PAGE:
US Coins

New York City Mayor's Medal

Bronze medal lacking a date of issue by sculptor Frederick William MacMonnies produced for the City of New York is known as the “Mayor’s Medal.”

Coin World images by Ray Wilder.

“Hail Most Honored Guest, Great Citizen Hail!” proclaims the obverse of a little-known, undated 102-millimeter bronze medal designed by sculptor Frederick William MacMonnies. It seems certain that this medal was designed for presentation when world celebrity was measured by the New York City ticker-tape parade.

Electronic media were first capturing the attention of the world through radio and the news reel, as a succession of military leaders, European royalty, statesmen, sports heroes, aviators and scientists made the ride up Broadway.

On June 13, 1927, New York welcomed “Lone Eagle” Charles Augustus Lindbergh, home from his harrowing trans-Atlantic New York to Paris flight in the Spirit of St. Louis. The crowd was immense, and more than 1,800 tons of ticker tape and shredded phone books descended on the parade. Grover Whalen later emerged as the city’s official greeter and became “Mr. New York” to much of the world.

The imposing Mayor’s Medal would have played a key role in these boisterous events. Born in 1880, medal designer MacMonnies began his career as assistant to Augustus Saint-Gaudens in his New York studio while pursuing studies at the National Academy of Design and Art Students League. His artistic education continued in Paris at the Écôle des Beaux-Arts, and the French Republic later made him a chevalier of the Legion d’Honneur.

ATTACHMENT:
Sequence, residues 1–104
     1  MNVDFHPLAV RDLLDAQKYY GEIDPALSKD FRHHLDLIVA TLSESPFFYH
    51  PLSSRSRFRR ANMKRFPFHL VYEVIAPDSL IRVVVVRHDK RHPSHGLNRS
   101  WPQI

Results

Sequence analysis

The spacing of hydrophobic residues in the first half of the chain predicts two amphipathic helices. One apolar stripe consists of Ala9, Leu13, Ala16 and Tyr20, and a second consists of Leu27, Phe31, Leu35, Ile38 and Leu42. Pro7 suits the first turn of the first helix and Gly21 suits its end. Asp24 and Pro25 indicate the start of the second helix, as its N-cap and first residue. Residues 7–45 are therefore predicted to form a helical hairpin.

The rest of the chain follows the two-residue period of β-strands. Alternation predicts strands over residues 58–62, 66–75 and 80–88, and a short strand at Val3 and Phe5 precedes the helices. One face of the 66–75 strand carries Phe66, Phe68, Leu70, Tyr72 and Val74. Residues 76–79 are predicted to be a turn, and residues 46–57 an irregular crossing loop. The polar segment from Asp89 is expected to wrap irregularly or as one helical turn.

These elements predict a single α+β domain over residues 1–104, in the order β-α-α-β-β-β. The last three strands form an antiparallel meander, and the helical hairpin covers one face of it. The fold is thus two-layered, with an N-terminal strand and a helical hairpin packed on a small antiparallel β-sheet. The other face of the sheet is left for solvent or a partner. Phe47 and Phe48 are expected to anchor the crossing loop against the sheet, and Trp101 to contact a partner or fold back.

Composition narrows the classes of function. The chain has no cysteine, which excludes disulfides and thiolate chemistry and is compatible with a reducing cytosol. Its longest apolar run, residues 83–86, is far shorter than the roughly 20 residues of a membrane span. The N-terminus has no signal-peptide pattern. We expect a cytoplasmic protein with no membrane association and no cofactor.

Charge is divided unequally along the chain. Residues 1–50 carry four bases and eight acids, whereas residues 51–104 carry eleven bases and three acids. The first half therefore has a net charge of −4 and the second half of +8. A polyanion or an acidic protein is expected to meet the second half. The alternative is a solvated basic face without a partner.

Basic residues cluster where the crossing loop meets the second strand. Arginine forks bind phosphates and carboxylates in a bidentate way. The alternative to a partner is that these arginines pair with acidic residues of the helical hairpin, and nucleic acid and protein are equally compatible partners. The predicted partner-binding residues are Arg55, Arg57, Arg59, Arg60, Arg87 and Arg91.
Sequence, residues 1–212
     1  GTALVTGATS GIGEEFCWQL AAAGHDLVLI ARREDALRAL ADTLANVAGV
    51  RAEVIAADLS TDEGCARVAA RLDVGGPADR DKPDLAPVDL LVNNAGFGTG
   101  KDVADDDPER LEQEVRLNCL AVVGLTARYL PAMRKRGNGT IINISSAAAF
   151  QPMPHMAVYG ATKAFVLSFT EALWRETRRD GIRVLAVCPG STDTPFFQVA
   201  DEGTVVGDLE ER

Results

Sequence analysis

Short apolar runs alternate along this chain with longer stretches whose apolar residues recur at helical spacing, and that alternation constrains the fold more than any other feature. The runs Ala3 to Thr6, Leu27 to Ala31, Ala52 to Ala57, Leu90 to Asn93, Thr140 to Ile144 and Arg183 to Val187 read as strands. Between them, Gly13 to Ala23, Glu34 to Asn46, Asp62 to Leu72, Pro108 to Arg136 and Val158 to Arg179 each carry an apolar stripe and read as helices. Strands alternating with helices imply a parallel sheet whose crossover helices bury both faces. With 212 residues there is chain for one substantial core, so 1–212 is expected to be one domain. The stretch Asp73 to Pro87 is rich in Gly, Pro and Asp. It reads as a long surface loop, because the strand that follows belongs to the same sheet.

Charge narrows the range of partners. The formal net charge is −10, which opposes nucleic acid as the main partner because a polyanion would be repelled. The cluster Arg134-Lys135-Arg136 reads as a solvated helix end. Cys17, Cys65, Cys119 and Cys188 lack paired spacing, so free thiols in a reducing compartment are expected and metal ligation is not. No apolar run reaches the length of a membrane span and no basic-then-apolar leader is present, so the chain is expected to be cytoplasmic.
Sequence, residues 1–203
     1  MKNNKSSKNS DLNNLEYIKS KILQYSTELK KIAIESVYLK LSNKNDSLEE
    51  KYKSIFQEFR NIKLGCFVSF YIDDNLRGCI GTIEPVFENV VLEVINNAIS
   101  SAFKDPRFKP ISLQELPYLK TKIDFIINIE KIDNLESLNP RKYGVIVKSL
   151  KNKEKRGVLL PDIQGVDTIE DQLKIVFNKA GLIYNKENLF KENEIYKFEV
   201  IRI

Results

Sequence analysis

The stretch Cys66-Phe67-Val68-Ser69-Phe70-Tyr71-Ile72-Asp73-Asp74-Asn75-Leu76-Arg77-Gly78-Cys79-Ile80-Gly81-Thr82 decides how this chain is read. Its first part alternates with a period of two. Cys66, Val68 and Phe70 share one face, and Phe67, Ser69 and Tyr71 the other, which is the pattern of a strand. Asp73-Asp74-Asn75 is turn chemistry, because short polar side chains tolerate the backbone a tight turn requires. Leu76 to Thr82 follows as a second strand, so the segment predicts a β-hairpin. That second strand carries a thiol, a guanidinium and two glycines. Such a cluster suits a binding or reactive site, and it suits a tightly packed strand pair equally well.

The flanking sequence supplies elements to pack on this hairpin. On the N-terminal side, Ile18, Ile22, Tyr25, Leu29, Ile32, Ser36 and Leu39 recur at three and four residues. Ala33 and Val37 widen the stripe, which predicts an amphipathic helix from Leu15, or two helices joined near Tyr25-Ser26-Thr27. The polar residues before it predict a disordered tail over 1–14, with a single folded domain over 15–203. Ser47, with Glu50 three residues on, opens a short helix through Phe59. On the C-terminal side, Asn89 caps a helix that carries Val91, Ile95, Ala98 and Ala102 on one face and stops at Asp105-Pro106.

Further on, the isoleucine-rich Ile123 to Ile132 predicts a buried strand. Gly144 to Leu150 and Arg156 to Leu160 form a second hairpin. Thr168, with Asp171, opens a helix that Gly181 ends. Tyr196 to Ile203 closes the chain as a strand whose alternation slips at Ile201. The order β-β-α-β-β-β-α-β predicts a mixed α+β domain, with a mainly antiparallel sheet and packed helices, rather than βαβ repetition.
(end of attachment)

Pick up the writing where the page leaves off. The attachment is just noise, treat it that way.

He created the heroic statue Columbia for the 1893 World’s Columbian Exposition in Chicago, Civic Virtue at New York City Hall, William Shakespeare for the Library of Congress, and Army and Navy groupings for the great arch at Brooklyn’s Prospect Park and Denver’s Pioneer Monument.

An Indian theme graces the Mayor’s Medal with its obverse bearing a standing chief in Plains Indian feather headdress and fur loin cloth, holding a peace pipe. At right is a trophy composed of a stone axe, arrows, quiver and dream catcher shield with sun rising at left over stylized water. Below is the year 1609, indicating the year Henry Hudson’s expedition brought the first Europeans to the region.

The reverse is a montage of Manhattan skyscrapers and bridges, many identifiable, some generic. Below, mermaids and sea god Neptune support the city arms, while the outer legend announces, THE CITY OF NEW YORK ACCLAIMS YOV. THE NATION WELCOMES YOV. MAYOR’S MEDAL.

Neither side bears a date of issue or production.

David T. Alexander, a longtime numismatic researcher, is a researcher/cataloger for Stack’s Bowers Galleries.

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